The Capital Region has always been a hotspot for the theater arts.  We have some wonderful professional theaters as well as numerous community theater venues.  Several of our local colleges have highly regarded theater and arts programs (with many graduates going on to “make it” in Hollywood or on Broadway).  But in less than 2 years, The New York State Theater Institute closed, SUNY shut down its theater department, Proctors took over Capital Rep’s administration, and Schenectady Community College just announced they’re closing their theater department as well.  Despite this turmoil, other areas of the Capital Region’s theater scene are thriving.  Excellent shows are being produced each weekend on stages throughout the area.  Yet, many of these shows are not visible on local news coverage. And more specifically, in the Metroland, which was recently voted as the “Best in the 2012 Poll for Arts Coverage.”  What??  How does the “Best Arts Coverage” magazine not actually have any reviews or listings of some of the most wonderful shows recently produced in the area?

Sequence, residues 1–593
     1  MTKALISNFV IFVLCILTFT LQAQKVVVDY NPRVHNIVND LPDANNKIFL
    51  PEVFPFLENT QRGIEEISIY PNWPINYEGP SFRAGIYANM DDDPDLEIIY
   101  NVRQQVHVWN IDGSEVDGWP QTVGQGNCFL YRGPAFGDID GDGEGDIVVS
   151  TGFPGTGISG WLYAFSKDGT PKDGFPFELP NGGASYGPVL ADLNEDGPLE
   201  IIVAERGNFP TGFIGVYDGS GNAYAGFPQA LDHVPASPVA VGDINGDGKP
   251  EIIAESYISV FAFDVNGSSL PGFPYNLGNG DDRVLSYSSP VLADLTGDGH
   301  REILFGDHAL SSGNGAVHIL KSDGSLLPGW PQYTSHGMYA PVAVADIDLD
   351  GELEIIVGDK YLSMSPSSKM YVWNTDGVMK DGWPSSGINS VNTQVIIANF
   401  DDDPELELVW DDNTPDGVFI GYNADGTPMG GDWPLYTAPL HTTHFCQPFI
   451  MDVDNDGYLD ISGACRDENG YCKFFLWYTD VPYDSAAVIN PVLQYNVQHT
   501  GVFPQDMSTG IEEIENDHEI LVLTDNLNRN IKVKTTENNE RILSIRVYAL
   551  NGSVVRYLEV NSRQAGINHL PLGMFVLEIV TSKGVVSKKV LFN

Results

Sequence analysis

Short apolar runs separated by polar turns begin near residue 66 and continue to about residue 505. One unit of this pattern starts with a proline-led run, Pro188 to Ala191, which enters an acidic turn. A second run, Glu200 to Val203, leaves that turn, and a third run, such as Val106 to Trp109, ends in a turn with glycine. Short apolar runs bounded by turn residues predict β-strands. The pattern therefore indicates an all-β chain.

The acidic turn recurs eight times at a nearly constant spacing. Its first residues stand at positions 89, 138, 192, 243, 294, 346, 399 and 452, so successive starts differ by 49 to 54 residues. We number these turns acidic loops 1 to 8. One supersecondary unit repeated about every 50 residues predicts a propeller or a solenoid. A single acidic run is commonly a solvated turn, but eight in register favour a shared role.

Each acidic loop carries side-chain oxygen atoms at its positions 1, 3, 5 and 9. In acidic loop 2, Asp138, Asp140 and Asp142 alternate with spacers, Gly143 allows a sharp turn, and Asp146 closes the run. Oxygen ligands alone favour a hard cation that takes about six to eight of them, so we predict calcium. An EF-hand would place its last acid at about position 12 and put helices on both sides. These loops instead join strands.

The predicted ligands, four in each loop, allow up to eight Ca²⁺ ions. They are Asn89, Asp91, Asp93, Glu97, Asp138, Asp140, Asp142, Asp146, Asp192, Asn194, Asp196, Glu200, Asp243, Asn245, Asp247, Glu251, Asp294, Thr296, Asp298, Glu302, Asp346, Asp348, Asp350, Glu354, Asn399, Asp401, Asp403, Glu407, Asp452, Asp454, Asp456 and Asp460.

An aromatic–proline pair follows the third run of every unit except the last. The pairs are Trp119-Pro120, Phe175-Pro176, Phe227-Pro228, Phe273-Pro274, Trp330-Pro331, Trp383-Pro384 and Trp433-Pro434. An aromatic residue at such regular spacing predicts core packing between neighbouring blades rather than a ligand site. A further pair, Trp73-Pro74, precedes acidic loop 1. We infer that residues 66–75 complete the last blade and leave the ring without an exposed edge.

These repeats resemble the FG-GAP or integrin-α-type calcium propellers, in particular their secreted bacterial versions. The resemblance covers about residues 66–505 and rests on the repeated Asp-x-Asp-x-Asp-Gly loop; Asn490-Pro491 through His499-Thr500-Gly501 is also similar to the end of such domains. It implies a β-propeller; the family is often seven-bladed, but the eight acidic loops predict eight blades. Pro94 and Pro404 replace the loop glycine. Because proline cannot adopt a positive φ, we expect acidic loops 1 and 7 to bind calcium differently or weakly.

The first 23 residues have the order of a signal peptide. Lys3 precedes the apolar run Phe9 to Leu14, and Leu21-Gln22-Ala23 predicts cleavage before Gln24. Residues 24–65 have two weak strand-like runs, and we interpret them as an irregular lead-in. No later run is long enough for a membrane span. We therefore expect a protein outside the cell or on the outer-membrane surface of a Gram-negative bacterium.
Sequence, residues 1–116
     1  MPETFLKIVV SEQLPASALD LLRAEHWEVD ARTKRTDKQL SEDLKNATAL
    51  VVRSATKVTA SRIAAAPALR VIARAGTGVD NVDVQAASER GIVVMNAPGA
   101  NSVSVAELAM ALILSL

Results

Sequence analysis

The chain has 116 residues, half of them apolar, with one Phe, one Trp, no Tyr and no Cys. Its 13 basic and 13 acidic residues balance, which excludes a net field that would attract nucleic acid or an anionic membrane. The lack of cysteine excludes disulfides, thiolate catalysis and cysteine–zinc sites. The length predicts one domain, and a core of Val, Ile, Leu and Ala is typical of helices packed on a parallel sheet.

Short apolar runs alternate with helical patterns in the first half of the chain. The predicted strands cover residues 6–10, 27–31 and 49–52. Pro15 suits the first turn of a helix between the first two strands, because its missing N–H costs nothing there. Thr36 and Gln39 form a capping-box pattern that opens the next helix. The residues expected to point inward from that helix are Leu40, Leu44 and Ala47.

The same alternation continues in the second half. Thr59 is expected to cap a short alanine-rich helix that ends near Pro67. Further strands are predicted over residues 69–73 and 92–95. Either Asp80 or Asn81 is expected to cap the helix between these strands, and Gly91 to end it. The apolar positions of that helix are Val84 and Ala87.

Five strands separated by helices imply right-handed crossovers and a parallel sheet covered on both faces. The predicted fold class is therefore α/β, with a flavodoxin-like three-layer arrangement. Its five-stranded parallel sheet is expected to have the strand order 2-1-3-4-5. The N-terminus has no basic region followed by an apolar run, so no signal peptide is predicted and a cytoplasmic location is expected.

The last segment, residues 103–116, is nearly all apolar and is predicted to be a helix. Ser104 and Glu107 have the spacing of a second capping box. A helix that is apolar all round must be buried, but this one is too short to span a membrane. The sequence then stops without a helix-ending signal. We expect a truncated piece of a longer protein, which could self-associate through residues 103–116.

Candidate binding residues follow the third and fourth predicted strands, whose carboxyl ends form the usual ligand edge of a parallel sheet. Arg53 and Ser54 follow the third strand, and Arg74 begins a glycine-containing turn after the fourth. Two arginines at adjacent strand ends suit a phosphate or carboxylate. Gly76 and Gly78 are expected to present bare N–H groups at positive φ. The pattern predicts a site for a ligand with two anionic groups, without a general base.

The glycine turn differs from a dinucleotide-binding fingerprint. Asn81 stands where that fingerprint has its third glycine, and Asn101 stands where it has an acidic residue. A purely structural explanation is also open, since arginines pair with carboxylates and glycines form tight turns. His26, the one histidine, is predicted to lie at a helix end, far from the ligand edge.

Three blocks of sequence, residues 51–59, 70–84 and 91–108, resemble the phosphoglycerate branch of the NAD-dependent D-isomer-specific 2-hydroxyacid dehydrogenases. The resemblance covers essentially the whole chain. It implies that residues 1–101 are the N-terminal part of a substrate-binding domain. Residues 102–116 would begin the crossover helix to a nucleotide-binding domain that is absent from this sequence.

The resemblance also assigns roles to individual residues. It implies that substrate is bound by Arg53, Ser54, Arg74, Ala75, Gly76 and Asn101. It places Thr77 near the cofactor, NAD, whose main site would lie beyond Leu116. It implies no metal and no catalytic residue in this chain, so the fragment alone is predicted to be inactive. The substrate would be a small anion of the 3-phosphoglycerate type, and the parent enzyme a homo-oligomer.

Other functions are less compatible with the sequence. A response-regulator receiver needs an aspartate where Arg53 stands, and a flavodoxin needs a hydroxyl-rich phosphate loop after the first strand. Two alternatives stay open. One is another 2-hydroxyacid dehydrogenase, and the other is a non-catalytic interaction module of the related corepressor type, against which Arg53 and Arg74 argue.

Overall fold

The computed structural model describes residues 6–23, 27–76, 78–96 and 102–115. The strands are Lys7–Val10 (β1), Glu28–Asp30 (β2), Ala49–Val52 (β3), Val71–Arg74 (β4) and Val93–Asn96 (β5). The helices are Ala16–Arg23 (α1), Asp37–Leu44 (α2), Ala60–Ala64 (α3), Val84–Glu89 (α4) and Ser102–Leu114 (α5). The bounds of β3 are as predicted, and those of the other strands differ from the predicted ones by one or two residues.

Despite the growing challenges, our local arts venues are persevering and doing their best with more and more limited resources.  Think about what our world would be like without the arts. I know there are some out there that would say, No Big Deal (That’s a debate for another posting!).  But let’s say it IS a big deal.  If there are no arts outlets left, will there ever be another Hemingway, Miller, Spielberg, or gasp, dare I say Shakespeare?  What about us common folk that just need a cheap, entertaining night out?  Please don’t tell me that the only “entertainment” that we’ll be forced to endure is Jersey Shore!

I know that unfortunately there are a lot of things our hands are tied on.  However, there is one thing we can do to make our voices heard.  There’s a petition going around urging the Metroland to support Capital Region theater by providing comprehensive coverage of the local theater scene, and to truly live up to its title of “Best Arts Coverage.”

Please help by signing the petition at: http://www.change.org/petitions/metroland-editor-publisher-cover-capital-region-theater

Let’s make an effort to keep the Arts here in the Capital Region!

Patti Rothberg Performing at Ballston Spa Film Festival

July 27, 2011 § 1 Comment

As part of the three day long festival, the Ballston Spa (International) Film Festival (BSFF) is pleased to announce the performance of chart topping musician, Patti Rothberg, on Friday, August 5, 2011, 11:00pm at Sunset Cafe in Ballston Spa.